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Editorial – Factors in the Fight

10 August 1940

Mexborough & Swinton Times – Saturday 10 August 194

Factors in the Fight

The “threatenings and slaughter “, breathed backward and forward across the North Sea were not’ allowed to spoil the bank holiday. Officially there was no such thing, and most people worked, though the stories of relatively safe resorts being inundated with people determined to holiday, war or no war, are a sad and rather significant index to the numbers who must be classed as useless or superfluous in the defence of these islands if and when the great test comes.

One must allow, of course, that among the crowds were many people who have gone all out since the Blitzkrieg and were badly in need of a holiday. Whatever we may think of their idea of rest and relaxation, they earned it, are entitled to it, and it is in the national interest that they should have it. These strictures do not apply to those who have GONE TO IT but to those who between ignorance and callous indifference have not yet realised the, nation’s need of them. If this country is destined to pass through, the burning fiery furnace a great deal of this sloth and indifference) will be purged away; just as the real conscience of some conscientious objectors has been touched by the, nation’s peril and the overwhelming evidence of the evil with which we are confronted.

But the nation as a whole is sound at heart, completely awake, alert, vigilant, and resolute; ready for the utmost trial alike of its patience and fortitude. At the moment its patience is being tested, and as Mr. Churchill reminded us the other day it is perhaps harder to wait than to endure. However, delay suits our enemy ill; with every day that, passes his chance of an effective stroke diminishes; we can well: afford to possess our souls in’ patience, conscious that “having, done all” we are ready, in the day: of battle “to stand,” and to withstand all that malice, ingenuity, berserk ferocity and fanatical rage can offer.

Meanwhile the invasion of Great Britain is but one of the problems confronting the Dictator of Europe. In the Balkans he has the task of reconciling the irreconcilable, of inducing neighbouring States to accept a ” a new order ” framed solely and entirely in the interests of Germany; to get this “diktat ” quietly accepted not by the States whose destinies are being calmly ordained in Salzburg, but by Russia and Italy, both of whom are vitally concerned with the balance and control of political forces in the Balkans It is vital to Hitler that the Balkans should be kept quiescent and Russia complaisant until Great Britain has been disposed of and the war in the West won. Then Germany will be at leisure to carve the: Balkans to her liking, with or without Russia’s leave, and at a later stage to bring Russia to heel—the one not already assigned to Italy. It is not to be supposed that the crafty Bolsheviks, sole profiteers of the war, who have skilfully exploited the opportunities of bloodless aggression presented to them by the war in the West are not perfectly aware of the fate reserved for them if and when the Germans get their hands free of Great Britain. In spite of the relatively friendly references to Germany and Italy In M. Molotov’s recent review of Soviet foreign policy, no one in Moscow is under any illusion as to the ultimate fate of a Russia left to face alone, the ideological hatred of the Nazis.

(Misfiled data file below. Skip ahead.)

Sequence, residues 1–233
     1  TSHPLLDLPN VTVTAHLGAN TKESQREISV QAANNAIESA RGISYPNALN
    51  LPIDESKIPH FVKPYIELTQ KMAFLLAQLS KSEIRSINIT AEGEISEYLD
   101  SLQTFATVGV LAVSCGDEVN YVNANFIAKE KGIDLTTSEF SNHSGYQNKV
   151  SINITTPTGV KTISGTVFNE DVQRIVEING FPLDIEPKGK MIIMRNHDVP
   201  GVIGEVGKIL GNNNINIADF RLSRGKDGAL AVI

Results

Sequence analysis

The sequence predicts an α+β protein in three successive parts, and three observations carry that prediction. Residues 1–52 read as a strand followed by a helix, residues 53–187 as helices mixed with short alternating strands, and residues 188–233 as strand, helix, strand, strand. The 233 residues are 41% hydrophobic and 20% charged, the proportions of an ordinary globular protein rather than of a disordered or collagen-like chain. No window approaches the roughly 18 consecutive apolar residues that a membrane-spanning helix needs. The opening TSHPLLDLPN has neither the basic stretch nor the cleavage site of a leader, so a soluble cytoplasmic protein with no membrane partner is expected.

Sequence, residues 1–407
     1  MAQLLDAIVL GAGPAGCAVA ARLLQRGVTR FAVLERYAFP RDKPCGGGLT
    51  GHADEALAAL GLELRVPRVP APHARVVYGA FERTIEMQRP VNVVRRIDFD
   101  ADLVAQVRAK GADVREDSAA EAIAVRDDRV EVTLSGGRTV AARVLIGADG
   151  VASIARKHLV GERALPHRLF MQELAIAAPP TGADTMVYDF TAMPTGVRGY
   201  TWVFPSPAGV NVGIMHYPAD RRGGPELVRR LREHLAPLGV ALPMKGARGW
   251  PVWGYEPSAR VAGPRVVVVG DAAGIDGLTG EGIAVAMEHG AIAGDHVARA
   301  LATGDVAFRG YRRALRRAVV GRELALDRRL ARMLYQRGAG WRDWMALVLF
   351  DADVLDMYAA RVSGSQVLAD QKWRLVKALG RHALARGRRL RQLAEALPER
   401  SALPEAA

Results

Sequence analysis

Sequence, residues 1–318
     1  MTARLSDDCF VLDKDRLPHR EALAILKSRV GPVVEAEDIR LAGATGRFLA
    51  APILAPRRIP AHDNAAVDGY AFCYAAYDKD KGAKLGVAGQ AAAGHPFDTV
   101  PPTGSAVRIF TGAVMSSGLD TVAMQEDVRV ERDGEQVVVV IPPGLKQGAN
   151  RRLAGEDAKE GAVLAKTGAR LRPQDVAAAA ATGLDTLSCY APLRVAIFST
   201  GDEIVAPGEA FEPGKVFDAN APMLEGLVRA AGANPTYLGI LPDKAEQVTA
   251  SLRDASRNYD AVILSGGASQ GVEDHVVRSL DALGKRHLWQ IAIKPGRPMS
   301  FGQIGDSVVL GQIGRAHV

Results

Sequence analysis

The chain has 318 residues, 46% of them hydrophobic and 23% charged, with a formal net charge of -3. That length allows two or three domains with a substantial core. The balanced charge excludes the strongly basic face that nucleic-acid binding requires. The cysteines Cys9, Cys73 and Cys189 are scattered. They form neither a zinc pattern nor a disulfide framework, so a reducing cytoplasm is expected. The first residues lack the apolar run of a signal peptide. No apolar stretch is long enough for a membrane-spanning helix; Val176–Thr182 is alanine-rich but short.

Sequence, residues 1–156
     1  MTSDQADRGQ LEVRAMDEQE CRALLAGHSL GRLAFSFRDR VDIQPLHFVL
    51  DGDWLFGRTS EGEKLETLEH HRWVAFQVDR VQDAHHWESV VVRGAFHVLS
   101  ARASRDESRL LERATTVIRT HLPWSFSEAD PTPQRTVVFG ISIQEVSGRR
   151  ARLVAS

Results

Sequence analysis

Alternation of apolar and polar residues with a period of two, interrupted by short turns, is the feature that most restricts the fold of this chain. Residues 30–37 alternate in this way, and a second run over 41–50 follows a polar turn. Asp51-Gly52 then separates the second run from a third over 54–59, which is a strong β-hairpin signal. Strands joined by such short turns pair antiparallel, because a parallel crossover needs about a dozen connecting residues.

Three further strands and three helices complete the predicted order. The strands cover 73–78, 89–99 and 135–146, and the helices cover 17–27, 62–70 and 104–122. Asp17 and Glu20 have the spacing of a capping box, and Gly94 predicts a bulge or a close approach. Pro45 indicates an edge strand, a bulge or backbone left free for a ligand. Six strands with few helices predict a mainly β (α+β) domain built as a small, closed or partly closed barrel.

Russia is playing, with great coolness, a dangerous game which she will lose if Great Britain goes down. The British Empire is her safeguard both East and West. With the disappearance of British influence, Russia would again fall a prey to the military might of Germany and the sea-power of Japan. We may be sure that the Bolsheviks are watching intently and estimating shrewdly the chances, of the crucial struggle between Great Britain and Germany and will adjust themselves swiftly to the sway of fortune. It is barely possible that they may come to the aid of Great Britain rather than await a German triumph; it is almost certain that while Germany is fully committed and absorbed in the struggle here, Russia will strengthen herself to the utmost possible extent on her western and southern frontiers, possibly by a protective sweeping movement through the Balkans, with or without Turkish co-operation and in contemptuous defiance of Italy. It may even be that the Balkans in desperation will facilitate this move by calling in the Russians as a last resort against permanent, final, and total domination of Europe from Berlin by a regime whose savagery, selfishness, and inhumanity know no bounds. At any rate Russia is a factor, at present incalculable, which is causing German diplomacy, whose triumphs have all been played, a great deal of anxiety: until his rear has been secured the cautious Hun is unlikely to commit: himself fully to the supreme gamble in the West.

Then there is the other terrible factor; the practical certainty of famine throughout Europe during the coming winter through the looting of food from subjugated areas by Germany. The Germans hope, if they fail to knock us out or to break our blockade, to raise a humanitarian hue-and-cry against us – their impudence is equal to appealing to the world against our refusal to make good the stores they have ravished from the unhappy peoples whose folly has betrayed them into the power of the dog.

Little more than a year ago, President Roosevelt’s noble remonstrance against Hitler’s policy of bullying and menacing small neighbours, led that smooth hypocrite to enquire of all of them: “Do you feel threatened, by Germany?” The wretched dupes answered “No” and President; Roosevelt perforce abandoned them to their fate. What would he their answer today? Alas, they would not be free even to give it.